The following is a continuation of our previous discussion on rubs. We will begin with a brief review of some basic concepts and then give an example of a rub with supporting data plots. In upcoming blog articles which will continue this discussion, additional rub examples will be depicted.
Dissipating Rotor Vibration Energy via a Fluid Film Bearing
Any looseness between the bearing and the housing, the housing and the foundation, the foundation to ground will result in unwanted seismic relative motion which will adversely affect damping within the bearing. Any looseness between the bearing and its housing, the housing and the foundation, or the foundation and ground will reduce overall damping which can lead to elevated vibration amplitudes at one or more frequencies.
Most vibration data plots, including: Timebase, Orbit, Polar, and Bode, present dynamic vibration data. For seismic transducers, this dynamic data is inertially referenced to ground. For the case of the shaft relative proximity probe, the dynamic vibration occurs about a –dc gap voltage, with the –dc gap voltage being proportional to the average distance from the probe tip to the target (shaft). These data plots display dynamic vibration data, but do not show changes in the average shaft radial position, an important response characteristic of the rotor system.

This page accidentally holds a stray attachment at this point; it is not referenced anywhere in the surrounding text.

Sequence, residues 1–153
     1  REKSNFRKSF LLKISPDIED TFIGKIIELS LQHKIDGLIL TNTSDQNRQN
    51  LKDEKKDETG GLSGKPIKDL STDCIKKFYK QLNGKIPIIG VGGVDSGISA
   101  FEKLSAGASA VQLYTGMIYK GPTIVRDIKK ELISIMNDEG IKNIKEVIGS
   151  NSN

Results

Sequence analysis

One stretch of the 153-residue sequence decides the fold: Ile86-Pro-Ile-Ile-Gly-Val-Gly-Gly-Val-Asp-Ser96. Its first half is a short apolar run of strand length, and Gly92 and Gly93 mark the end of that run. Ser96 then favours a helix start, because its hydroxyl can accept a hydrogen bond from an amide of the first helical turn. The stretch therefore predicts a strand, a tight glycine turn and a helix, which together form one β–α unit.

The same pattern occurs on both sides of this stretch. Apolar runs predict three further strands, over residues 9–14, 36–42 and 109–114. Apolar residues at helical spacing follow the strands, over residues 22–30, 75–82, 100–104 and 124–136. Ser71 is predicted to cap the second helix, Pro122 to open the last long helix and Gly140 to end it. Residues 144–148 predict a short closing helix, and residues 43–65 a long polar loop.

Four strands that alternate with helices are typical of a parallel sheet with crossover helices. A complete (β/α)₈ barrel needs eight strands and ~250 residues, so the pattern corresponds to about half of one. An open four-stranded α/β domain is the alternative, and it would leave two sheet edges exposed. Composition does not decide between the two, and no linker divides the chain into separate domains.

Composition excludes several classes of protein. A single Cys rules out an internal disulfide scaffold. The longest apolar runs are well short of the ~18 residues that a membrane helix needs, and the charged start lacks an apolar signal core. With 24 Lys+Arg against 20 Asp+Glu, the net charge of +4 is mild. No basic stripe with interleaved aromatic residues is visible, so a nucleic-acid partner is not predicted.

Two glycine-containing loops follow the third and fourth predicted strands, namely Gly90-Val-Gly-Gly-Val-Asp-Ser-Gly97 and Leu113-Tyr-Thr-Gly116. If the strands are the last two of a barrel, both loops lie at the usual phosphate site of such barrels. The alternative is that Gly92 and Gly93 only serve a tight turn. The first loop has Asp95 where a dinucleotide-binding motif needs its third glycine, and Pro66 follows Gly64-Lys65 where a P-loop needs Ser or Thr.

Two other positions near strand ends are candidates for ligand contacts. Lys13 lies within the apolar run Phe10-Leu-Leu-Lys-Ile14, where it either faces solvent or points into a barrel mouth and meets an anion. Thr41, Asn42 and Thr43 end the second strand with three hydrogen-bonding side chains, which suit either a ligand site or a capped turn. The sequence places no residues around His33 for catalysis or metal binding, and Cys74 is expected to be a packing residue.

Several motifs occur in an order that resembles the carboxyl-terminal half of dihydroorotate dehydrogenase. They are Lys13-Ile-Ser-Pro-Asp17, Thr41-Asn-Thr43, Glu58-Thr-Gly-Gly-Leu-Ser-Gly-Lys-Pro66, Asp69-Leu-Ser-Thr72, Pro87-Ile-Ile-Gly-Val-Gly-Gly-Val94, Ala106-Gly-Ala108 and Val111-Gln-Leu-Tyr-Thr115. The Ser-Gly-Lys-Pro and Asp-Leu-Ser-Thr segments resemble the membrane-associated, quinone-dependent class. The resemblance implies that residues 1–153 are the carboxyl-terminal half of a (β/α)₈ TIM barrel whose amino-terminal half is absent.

The root cause analysis of vibration problems related to critical turbomachinery is an engineering science based on what is often referred to as the "First Law of Machinery Diagnostics". The 1st Law states that displacement (vibration) is equal to the summation of the dynamic forces acting on the rotor divided by the complex dynamic support stiffness of the rotor bearing system.